By Jim Urquhart
“I’ve got a clear shot at four of them,” the man with a rifle beside me said, as he aimed his weapon in the direction of U.S. Bureau of Land Management (BLM) officers.
We were on a bridge in southern Nevada in the midst of a tense standoff between the BLM and a group of angry ranchers, milita-members and gun-rights activists. It seemed as if we were a hair’s breadth away from Americans killing Americans right in front of me.
This showdown had come after the BLM started rounding up cattle belonging to rancher Cliven Bundy, who had been letting his animals graze illegally on federal land for over 20 years.
Bundy had stopped paying grazing fees in 1993, and said he didn’t recognise the government’s authority over the land. When the BLM came to take his herd, many people, furious at federal government or wanting to express their gun rights, rallied to Bundy’s cause.
My colleague Jennifer Dobner and I had originally set out several days earlier to cover a story involving the BLM and ranchers in southern Utah, but as tension rose between Bundy’s supporters and U.S. officials here in Bunkerville, Nevada, we headed over to document the story.
About 1,000 people had come to this corner of the desert to support the cattle rancher, many of them woman and children. None seemed concerned about the number of firearms being brandished.
After I arrived, I took pictures of Bundy at his home and returned the following day when the local sheriff announced what looked like a tentative resolution to the immediate dispute.
I decided to leave the protesters’ rallying point and drive several miles to where BLM and National Park Service (NPS) officers were holding Bundy’s impounded cattle but when I got there, there didn’t seem to be anything new to report.
I was making my way back to the protest site when Jennifer called me. She said the demonstrators were coming in my direction to go to the BLM facility and demand that Bundy’s cattle be released. My heart skipped a beat and anxiety set in, as I realised the armed group was heading this way looking for a showdown.
The convoy arrived just a few moments after I did and began to clog lanes of traffic on the south side of the interstate, the opposite side to the BLM base.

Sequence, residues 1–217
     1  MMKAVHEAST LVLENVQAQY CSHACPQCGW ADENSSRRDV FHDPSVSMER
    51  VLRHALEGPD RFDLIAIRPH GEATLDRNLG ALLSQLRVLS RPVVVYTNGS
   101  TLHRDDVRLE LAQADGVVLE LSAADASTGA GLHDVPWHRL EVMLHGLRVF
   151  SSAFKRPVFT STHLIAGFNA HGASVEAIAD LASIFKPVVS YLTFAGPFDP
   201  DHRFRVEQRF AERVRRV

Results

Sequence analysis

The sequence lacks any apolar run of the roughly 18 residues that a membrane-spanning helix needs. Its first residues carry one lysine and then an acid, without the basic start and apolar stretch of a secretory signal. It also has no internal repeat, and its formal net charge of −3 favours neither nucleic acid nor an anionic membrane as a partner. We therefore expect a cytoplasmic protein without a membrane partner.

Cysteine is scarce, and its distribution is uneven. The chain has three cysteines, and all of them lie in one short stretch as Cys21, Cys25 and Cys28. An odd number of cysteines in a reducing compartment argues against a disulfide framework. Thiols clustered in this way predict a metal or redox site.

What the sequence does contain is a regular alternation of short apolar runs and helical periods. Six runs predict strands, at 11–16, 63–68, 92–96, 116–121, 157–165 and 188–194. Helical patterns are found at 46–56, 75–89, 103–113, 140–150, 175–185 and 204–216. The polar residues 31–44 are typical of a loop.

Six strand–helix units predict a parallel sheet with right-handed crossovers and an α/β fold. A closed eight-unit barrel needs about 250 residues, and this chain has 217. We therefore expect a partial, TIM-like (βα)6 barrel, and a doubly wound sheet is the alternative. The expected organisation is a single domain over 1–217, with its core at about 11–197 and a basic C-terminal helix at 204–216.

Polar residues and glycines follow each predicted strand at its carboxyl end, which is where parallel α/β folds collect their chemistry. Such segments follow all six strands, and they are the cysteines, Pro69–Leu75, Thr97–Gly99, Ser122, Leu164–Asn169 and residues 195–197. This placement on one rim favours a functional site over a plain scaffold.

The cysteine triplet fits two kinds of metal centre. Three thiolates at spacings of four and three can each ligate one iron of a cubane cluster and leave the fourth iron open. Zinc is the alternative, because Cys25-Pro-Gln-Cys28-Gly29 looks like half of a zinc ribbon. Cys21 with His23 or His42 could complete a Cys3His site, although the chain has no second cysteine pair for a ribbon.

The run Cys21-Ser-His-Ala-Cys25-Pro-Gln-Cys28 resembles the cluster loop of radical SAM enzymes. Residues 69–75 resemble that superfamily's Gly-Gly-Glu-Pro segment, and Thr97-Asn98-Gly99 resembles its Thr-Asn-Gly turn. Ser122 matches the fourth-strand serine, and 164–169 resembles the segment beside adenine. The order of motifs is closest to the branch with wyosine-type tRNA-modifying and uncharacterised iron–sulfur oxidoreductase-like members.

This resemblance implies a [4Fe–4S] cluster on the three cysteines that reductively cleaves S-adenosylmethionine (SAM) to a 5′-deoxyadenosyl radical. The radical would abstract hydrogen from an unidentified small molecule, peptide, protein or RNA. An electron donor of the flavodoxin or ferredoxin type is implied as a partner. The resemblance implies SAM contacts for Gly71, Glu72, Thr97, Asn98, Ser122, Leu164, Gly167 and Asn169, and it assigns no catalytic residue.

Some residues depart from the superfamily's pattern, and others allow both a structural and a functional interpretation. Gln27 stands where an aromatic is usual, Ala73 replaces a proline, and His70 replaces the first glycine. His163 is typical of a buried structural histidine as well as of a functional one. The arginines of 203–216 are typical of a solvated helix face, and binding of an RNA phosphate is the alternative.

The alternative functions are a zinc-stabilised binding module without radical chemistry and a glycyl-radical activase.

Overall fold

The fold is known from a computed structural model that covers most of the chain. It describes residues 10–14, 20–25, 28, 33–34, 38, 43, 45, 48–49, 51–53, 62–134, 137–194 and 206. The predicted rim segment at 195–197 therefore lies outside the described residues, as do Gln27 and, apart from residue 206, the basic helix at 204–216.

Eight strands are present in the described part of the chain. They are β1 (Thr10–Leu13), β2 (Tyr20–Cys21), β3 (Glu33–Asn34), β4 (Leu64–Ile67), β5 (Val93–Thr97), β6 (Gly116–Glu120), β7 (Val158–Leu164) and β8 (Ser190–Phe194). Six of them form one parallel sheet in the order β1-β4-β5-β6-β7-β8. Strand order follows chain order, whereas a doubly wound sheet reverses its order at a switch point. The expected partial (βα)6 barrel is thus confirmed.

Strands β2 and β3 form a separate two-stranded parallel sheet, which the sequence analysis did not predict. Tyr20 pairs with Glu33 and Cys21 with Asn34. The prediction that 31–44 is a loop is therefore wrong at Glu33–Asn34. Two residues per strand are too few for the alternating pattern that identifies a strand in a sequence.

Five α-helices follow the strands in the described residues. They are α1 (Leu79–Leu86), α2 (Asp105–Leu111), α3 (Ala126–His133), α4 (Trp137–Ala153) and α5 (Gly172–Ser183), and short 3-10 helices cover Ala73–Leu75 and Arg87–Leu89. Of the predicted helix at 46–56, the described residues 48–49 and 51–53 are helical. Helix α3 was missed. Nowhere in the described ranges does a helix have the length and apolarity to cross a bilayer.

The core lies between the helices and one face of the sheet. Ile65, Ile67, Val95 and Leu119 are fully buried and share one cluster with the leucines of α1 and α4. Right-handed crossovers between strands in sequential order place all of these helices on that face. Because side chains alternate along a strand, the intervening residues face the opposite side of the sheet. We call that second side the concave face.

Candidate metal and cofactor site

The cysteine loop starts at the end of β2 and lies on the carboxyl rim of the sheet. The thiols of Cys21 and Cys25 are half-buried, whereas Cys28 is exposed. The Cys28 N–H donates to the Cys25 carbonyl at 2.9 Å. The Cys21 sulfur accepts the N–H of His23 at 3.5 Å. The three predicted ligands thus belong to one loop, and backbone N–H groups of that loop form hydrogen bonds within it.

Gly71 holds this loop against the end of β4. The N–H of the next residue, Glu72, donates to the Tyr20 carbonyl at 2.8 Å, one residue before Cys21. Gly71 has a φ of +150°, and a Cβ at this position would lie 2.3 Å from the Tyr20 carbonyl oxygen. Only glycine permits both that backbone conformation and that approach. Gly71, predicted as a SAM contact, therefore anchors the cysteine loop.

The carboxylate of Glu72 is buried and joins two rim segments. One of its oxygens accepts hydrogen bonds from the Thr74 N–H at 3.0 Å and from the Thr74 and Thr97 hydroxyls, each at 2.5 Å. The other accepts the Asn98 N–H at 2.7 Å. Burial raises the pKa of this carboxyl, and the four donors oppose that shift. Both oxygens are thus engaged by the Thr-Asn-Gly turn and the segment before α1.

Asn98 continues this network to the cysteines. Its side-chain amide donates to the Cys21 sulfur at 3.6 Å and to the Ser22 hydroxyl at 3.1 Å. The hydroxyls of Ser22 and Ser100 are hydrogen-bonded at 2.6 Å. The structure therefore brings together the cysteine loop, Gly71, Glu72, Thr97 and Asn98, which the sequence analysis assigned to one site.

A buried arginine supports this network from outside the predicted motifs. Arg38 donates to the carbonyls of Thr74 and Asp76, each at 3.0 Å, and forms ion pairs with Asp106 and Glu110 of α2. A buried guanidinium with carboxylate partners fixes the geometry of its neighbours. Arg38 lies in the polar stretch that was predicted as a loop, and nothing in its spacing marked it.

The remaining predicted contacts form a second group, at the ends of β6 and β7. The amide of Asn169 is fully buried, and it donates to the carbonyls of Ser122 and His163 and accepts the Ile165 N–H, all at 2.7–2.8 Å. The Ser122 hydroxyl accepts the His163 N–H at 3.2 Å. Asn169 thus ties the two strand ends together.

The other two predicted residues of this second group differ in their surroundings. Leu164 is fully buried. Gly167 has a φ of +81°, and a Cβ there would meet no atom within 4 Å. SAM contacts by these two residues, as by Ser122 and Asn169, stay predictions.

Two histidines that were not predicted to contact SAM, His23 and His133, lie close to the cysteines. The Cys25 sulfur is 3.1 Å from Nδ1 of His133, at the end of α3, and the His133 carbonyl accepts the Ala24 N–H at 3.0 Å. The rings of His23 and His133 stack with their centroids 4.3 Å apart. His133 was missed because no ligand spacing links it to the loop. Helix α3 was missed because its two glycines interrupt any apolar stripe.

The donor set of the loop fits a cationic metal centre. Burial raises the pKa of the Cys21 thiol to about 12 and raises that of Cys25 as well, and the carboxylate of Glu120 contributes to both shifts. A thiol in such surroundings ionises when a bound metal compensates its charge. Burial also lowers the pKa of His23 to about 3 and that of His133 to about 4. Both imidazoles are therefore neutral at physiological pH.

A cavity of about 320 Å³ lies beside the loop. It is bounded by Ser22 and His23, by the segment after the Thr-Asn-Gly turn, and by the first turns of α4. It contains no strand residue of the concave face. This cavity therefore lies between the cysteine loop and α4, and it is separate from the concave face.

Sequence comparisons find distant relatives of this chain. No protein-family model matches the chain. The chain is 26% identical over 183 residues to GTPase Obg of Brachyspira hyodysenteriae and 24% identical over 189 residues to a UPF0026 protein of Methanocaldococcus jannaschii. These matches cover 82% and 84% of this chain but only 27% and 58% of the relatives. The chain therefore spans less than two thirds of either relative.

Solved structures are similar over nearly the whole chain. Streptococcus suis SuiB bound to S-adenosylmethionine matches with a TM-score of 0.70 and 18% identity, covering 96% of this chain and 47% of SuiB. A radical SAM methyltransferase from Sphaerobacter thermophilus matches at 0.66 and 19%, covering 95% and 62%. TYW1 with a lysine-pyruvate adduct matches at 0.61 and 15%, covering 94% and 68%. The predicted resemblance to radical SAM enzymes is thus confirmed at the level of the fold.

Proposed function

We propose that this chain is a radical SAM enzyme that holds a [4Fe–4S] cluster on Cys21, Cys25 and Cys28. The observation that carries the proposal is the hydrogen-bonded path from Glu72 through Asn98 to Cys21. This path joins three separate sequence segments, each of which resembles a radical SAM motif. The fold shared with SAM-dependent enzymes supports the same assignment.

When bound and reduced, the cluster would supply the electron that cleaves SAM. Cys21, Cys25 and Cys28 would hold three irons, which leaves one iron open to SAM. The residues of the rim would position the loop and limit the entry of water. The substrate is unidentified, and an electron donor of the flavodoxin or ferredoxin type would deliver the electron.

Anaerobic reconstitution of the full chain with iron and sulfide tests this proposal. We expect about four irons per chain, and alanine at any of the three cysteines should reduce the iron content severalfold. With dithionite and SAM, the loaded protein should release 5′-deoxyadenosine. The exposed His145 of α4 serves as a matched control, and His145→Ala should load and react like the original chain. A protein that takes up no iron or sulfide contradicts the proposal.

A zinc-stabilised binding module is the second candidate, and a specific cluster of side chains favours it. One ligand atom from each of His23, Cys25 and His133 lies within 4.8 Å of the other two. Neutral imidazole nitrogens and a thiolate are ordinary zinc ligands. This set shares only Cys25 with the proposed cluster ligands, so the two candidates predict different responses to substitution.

I found myself in the photographer’s typical position when covering standoffs – behind law enforcement. But just as I started feeling comfortable with my surroundings, a woman yelled out that there was an incident taking place below the bridge a couple hundred meters to the east, and I began sprinting that way with other members of the media.
The weight of my camera gear slowed me down but I told myself I needed to keep running. I had to be at the scene as fast as possible.
Upon arrival I saw men on horseback, without weapons, in the dried riverbed below. Armed militia took their positions up above, where they had a clear view of BLM officers guarding a gate to their facility below the lanes of traffic.
The officers were heavily outnumbered and probably out-gunned. I watched several media workers make their way down into the wash, but I felt staying up on the high ground of the bridge was going to be the best vantage point to document events ahead. I had to work hard not to develop tunnel vision and keep a wide view of the scene.
Several armed men came to where I was taking pictures and stationed themselves on both sides of me. As I began transmitting photos of them to my editor he told me to fall back if I felt threatened, but I explained that I seemed safe.
It was already a surreal moment, here on a random stretch of highway in the Nevada desert, where men with weapons had taken up tactical positions on government officers – something not seen in this country in decades – as traffic whizzed by unaware. Sometimes cars would stop and people would step out to take pictures of the scene with their phones, as if it were just another roadside attraction.
Then I heard the words, “I’ve got a clear shot at four of them,” and to my right found one of the men pointing his weapon in the direction of the BLM. For me, time had stopped.
“I’m ready to pull the trigger if fired upon,” said another man on the bridge. That was what other Bundy supporters said too – they wouldn’t shoot first, but they would return fire.
Were we really at the moment where weapons were being aimed by Americans at other Americans? I grew up hunting and for the most part of my adult life I have owned a firearm. Guns are a fact of life in the American west. But I have never found myself in a situation where I was next to someone pointing a firearm at law enforcement.
After a while it became apparent that the BLM was going to release the cattle to the protesters. Given the circumstances, I don’t think they had much choice. The animals were freed, and no shots were fired.
As I sent off a message to an editor, I noticed my hand trembling. The reality of how close to gunfire the situation had come sent a chill through me which I will never forget.